The market calendar for the upcoming week will be particularly eventful and volatile as four of the biggest central banks are expected to announce their latest rate decisions. Central bank policy rates are starting to diverge from the Federal Reserve as a handful of emerging market central banks have already started cutting policy rates but the major central banks have not stepped out of line just yet but the Bank of Japan is expected to hike their rates from -0.1% to 0% this week while the Peoples Bank of China will most likely keep their loan prime rates unchanged at 3.45%.

All eyes will however be on the Federal Reserve which will announce their rate decision on Wednesday and as things stand there is no reason for the Fed to start cutting rates. The US labour market has proved its resilience in the current economic climate, US inflation is still well above the Fed’s 2% target and the fact that US stock indices have continued to grind higher in the 1Q2024 highlights that financial conditions are still loose and favorable. Again, the Fed will only start cutting rates in an emergency situation when there is severe stress in the US economy. The Federal funds rate is expected to remain unchanged at 5.50% which will add strength to the US dollar. Last week the latest US CPI and PPI prints came in higher than expected at 3.2% and 1.6%, respectively which highlights that the Fed is not out of the high inflation woods just yet. Additionally, the Bank of England is also expected to keep their policy rated unchanged at 5.25%.

Locally the most recent economic data has been mixed. The January mining production results showed a contraction of 3.3% while manufacturing posted strong growth of 2.6%. Looking at the week ahead the latest US CPI results for February will be released and expectations are pointing towards an elevated 5.3% year-on-year inflation rate, still well above the SARB’s midpoint target of 4.5%.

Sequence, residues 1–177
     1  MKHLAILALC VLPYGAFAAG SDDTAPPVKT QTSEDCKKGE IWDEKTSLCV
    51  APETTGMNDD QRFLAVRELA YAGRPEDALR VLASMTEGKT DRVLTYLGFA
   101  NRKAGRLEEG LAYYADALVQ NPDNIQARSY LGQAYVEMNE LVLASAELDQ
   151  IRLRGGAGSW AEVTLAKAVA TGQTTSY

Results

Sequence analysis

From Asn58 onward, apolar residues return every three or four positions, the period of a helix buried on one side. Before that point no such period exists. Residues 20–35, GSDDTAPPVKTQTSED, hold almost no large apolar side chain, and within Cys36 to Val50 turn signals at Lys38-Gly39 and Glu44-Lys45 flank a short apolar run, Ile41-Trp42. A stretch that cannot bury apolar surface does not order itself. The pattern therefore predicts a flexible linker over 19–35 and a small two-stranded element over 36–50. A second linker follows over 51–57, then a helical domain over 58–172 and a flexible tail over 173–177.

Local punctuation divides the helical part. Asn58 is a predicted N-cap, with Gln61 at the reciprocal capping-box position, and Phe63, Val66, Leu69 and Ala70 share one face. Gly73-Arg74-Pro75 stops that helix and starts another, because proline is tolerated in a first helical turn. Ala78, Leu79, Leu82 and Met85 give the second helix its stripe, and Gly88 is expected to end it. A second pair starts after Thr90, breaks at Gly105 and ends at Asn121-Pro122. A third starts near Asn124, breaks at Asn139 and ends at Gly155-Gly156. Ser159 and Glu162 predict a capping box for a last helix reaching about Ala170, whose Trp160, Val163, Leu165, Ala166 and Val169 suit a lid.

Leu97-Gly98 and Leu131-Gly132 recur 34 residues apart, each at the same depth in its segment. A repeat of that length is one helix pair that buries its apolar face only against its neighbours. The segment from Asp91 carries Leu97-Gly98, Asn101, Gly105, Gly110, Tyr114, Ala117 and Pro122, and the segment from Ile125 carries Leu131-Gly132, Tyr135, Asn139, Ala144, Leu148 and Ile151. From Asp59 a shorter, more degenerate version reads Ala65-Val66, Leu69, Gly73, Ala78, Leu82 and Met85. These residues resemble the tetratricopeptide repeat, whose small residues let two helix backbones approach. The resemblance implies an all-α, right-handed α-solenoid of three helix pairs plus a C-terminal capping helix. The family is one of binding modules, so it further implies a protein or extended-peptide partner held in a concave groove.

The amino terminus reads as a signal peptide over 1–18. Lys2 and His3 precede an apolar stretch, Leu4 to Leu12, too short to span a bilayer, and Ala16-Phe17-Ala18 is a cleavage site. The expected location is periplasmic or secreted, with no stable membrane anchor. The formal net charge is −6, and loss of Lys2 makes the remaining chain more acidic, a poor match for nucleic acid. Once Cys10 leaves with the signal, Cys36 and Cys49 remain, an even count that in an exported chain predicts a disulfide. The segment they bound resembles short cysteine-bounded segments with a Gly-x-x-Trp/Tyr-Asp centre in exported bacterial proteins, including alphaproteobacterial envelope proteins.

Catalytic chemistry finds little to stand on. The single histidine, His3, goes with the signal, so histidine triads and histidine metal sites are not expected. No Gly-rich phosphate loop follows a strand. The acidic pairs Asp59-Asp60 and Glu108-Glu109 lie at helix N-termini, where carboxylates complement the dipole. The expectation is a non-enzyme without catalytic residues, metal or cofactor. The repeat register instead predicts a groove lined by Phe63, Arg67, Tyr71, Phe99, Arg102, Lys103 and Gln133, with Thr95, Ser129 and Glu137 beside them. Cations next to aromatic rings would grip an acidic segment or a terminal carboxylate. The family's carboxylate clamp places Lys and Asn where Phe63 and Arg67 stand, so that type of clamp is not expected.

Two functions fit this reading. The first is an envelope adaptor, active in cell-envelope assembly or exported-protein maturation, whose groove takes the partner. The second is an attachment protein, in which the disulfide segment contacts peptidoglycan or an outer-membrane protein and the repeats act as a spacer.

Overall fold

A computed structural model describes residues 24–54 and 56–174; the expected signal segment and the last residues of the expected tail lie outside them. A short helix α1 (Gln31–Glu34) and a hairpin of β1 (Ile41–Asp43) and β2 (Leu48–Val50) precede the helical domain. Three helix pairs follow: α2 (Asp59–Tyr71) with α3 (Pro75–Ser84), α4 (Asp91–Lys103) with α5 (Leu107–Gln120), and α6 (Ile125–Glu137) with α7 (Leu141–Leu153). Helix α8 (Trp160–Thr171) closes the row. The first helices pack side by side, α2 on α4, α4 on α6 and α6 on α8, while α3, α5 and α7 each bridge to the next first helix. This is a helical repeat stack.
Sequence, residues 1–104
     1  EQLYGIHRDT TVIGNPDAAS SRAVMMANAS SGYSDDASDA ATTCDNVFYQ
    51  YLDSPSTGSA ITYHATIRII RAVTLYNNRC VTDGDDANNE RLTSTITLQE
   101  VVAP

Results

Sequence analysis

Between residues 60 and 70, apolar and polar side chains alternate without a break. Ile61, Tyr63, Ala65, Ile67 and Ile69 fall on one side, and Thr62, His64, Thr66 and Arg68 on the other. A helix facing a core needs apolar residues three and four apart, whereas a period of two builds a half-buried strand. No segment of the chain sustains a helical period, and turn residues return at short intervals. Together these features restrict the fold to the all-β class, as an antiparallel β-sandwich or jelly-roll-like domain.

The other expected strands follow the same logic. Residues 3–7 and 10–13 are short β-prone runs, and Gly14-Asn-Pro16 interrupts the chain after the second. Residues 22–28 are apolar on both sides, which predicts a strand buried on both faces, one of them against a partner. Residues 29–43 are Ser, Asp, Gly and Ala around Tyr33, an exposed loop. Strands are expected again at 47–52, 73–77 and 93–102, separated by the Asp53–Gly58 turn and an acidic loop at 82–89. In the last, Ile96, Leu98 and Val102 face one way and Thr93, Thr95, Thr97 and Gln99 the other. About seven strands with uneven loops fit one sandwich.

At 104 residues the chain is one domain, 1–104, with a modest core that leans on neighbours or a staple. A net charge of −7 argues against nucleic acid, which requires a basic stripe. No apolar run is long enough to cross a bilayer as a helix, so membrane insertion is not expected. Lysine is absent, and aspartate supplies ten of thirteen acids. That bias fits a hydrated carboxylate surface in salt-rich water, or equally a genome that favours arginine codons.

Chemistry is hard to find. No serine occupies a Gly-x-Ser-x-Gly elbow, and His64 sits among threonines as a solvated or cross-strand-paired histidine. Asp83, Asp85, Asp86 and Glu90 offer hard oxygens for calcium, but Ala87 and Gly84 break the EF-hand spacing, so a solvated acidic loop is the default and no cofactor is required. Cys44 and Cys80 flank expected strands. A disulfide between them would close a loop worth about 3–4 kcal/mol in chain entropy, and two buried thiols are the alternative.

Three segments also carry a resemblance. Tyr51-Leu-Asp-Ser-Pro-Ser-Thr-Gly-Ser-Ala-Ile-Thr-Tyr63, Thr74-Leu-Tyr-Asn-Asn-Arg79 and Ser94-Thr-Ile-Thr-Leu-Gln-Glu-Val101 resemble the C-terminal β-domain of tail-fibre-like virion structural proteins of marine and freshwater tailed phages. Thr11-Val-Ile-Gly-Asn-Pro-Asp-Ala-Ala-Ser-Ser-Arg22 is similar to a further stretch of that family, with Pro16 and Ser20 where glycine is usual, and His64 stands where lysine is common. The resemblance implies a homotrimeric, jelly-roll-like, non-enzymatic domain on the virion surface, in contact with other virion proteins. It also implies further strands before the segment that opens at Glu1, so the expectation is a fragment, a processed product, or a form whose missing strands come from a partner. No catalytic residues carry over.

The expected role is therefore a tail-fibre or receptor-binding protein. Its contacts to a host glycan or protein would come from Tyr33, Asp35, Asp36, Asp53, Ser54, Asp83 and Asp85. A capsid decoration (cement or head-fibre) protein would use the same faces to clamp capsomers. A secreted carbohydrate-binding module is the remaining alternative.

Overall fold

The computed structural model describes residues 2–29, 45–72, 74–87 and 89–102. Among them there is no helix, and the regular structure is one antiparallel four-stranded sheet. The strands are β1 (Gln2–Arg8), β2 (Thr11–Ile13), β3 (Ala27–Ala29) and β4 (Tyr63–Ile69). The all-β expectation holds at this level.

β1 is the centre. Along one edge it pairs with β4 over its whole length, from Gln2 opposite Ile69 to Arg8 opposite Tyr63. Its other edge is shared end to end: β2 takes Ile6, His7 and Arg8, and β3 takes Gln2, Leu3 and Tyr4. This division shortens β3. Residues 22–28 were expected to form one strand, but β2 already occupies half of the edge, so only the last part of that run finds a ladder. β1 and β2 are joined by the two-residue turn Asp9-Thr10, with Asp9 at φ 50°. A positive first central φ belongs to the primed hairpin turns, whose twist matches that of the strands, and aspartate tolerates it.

Diving into the charts, the dollar has managed to claw back some of its recent losses last week and it will be allowed to test the 50-day and 200-day MA resistance rates this week. A break above 103.69 and 103.55 will see the DXY move higher to re-test the downward red trend line at 104.20. This move is expected off the back of a Fed decision to leave their rates unchanged. A failed break above the MA’s will however allow the DXY to slide lower towards 102.20.

The spike in the US 10-year yield last week highlights that markets are expecting the Fed to hold rates unchanged. The break above the 200-day MA at 4.20% could allow yields to climb above the yearly high at 4.35%. A Fed pause will see yields continue to jump higher.

Similarly, the short end of the US yield curve is also not expecting any surprises from the Fed this week. The US 2-year yield tracks the US federal funds rate and it seems to be on its way higher towards the yearly high of 5.25%

As we have mentioned, the Federal Reserve’s fight against inflation is essentially its fight against crude oil. Brent crude oil made a sharp move higher last week which has allowed it to break above the 200-day MA rate of $82.45 per barrel. A move higher towards the 61.8% fibo rate of $87 per barrel is now firmly in its sights.

Looking over to the S&P 500, I’m still of the opinion that the US stock market is heavily overbought. There is major divergence between the price movement and the RSI index and a drop towards the 50-day MA at $4,962 seems like the next move given the Fed decision this week.

Closing the week off is our beloved rand. The rand hit the ground running in March which has seen the local unit appreciate roughly 2.5%. The rand did however give back some gains last week off the back of a broad based stronger dollar which has pulled the pair back above the 200-day MA rate of 18.72. A re-test of the 50-day MA rate of 18.89 is on the cards for this week if we remain above the 200-day MA. A failed break above the 50-day MA will however allow the rand to pull the pair below 18.50 in the 2Q2024 if precious metals maintain their current strong levels.


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